One of the primary problems with dieting to lose body fat is the associated loss of muscle mass. Indeed, although the public has been led to believe that athletes and bodybuilders use various anabolic drugs to help build larger muscles and get stronger, that's only part of the reason to account for the drugs' popularity. A lesser-known rationale for the drugs is to maintain muscle mass under stringent dieting and exercise conditions. If your calories drop below your daily activity levels, you will lose body fat. But if in your zeal to lose fat you stay on a diet too long or ingest too few calories, you will inevitably also lose muscle mass. Anabolic drugs, such as anabolic steroids, growth hormone, and particularly insulin are known to help preserve lean mass, mostly muscle tissue. But even in these cases of extensive drug usage, diet still determines the ultimate results of any weight-loss diet. In short, even if you resort to using drugs such as steroids, you can still lose muscle if you diet wrong. But what about the opposite side of the coin: Is there a way to lose body fat while minimizing the loss of muscle? According to recent studies, there is. The key nutrient needed to preserve muscle is protein, which isn't much of a surprise, since everyone associates muscle mass with protein intake. This is why some athletes and bodybuilders endeavor to ingest 300 grams or more of protein each day. They have been indoctrinated to believe that more protein means more muscle. In fact, if you consider that the underlying process that leads to muscular growth or hypertrophy is increased muscle protein synthesis (MPS), there is a definite limit to how much protein (in the form of amino acids) can be used by the body. Most studies suggest that this limit is about 20 grams per meal. If you are over 40, the ideal dose of protein per meal is 40 grams. This doesn't mean that you cannot absorb more than this amount of protein; there is no true limit to how much protein can be absorbed into the human body. But for strictly purposes of building more muscle through increased MPS, that limit is 20 to 40 grams per meal. Any more than this is oxidized in the liver, or used for the maintenance of other organs and tissues besides muscle, such as skin, hair, internal organs, and so on.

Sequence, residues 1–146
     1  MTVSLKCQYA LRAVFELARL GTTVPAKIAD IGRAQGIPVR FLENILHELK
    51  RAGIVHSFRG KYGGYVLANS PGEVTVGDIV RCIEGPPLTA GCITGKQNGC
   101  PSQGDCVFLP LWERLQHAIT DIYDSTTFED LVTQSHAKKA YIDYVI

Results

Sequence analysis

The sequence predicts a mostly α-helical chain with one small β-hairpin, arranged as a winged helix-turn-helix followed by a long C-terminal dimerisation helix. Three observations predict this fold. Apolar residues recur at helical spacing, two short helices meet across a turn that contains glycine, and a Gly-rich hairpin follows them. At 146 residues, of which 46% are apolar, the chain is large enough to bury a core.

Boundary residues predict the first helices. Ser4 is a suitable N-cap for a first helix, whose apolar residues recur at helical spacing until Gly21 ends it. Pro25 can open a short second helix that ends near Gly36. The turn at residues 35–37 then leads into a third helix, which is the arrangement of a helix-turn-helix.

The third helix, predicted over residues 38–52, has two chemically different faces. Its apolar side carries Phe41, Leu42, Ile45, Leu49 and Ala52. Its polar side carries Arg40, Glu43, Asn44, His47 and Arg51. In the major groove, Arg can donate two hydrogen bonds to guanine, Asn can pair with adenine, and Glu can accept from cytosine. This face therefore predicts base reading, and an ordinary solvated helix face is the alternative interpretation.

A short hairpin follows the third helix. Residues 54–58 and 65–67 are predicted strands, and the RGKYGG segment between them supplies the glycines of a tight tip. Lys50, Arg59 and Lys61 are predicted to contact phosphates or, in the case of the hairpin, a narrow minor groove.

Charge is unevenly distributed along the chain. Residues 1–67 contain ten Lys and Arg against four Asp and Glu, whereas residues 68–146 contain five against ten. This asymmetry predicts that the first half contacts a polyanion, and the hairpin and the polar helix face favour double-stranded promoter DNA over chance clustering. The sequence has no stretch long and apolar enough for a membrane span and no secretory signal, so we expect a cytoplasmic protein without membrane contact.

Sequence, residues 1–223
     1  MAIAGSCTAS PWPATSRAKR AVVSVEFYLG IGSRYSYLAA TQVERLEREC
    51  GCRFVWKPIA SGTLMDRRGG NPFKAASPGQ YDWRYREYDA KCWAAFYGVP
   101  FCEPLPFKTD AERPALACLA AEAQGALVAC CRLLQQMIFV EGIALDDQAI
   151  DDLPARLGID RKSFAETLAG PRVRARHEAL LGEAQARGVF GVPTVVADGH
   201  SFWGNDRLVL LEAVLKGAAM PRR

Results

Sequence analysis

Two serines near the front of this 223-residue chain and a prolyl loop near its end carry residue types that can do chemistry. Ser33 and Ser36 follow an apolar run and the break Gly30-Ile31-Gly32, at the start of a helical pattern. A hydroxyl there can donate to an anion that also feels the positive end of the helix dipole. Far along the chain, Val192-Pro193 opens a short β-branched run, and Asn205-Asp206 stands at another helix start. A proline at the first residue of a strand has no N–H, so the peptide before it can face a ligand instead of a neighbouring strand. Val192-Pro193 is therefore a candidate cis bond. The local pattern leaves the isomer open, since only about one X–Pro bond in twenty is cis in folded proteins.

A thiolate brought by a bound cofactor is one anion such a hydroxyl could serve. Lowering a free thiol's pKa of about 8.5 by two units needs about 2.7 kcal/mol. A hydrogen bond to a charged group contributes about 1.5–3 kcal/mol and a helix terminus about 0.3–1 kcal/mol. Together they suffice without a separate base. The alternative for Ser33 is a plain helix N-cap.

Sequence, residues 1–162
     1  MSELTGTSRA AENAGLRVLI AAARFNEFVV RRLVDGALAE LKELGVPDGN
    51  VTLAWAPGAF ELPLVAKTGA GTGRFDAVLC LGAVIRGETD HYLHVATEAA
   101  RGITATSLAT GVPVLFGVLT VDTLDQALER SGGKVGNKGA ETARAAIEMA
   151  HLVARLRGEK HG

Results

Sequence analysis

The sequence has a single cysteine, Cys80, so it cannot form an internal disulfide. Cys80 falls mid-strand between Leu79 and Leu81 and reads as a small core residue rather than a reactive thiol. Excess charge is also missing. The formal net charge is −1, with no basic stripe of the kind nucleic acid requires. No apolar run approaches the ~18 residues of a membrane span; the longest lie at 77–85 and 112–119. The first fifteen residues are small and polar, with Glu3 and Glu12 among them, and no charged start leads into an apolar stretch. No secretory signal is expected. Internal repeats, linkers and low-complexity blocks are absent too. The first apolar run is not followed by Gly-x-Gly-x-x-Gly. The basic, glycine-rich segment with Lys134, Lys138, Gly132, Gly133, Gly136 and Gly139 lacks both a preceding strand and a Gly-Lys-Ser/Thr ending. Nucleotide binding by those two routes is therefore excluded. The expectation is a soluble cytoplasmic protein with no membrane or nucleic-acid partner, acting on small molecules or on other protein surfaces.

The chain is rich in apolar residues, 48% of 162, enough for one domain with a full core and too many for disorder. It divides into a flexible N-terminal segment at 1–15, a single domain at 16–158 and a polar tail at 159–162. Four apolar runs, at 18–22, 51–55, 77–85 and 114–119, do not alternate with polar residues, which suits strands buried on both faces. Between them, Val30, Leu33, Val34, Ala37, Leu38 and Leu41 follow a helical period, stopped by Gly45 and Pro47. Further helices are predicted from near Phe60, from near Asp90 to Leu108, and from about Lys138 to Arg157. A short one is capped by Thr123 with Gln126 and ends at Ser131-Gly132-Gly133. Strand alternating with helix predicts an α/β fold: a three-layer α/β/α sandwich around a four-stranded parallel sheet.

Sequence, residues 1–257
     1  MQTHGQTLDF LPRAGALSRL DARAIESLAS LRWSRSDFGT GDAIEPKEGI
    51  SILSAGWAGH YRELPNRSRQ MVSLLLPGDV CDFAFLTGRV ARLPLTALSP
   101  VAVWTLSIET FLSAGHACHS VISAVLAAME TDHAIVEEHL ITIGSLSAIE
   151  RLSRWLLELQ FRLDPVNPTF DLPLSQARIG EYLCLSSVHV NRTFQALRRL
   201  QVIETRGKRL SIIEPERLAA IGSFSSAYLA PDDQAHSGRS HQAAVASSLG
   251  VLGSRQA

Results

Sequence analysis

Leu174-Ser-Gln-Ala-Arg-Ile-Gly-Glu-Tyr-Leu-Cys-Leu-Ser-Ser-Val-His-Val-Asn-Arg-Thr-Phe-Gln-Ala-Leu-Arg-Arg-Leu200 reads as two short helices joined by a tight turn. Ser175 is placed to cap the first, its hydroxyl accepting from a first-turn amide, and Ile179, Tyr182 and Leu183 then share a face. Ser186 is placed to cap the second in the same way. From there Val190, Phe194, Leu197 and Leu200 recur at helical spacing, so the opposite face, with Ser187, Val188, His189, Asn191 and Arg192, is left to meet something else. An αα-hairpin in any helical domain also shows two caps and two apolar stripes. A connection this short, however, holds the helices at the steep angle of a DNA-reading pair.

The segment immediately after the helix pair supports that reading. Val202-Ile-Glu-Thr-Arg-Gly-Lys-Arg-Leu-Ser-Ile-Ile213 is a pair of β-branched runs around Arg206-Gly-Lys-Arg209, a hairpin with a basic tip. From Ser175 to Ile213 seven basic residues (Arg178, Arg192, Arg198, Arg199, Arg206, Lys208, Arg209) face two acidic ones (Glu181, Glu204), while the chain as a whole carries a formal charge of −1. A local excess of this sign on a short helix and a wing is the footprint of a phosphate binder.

Despite the importance of protein in helping to both build and maintain muscle tissue, it has come under attack recently. I came across a new book called "Proteinaholics" written by a Texas-based medical doctor. This doctor is a vegetarian advocate who claims to have researched the medical literature for years about nutrition and health. In the book, he says that most people already consume too much protein because they eat too much meat. Furthermore, nearly all the . . .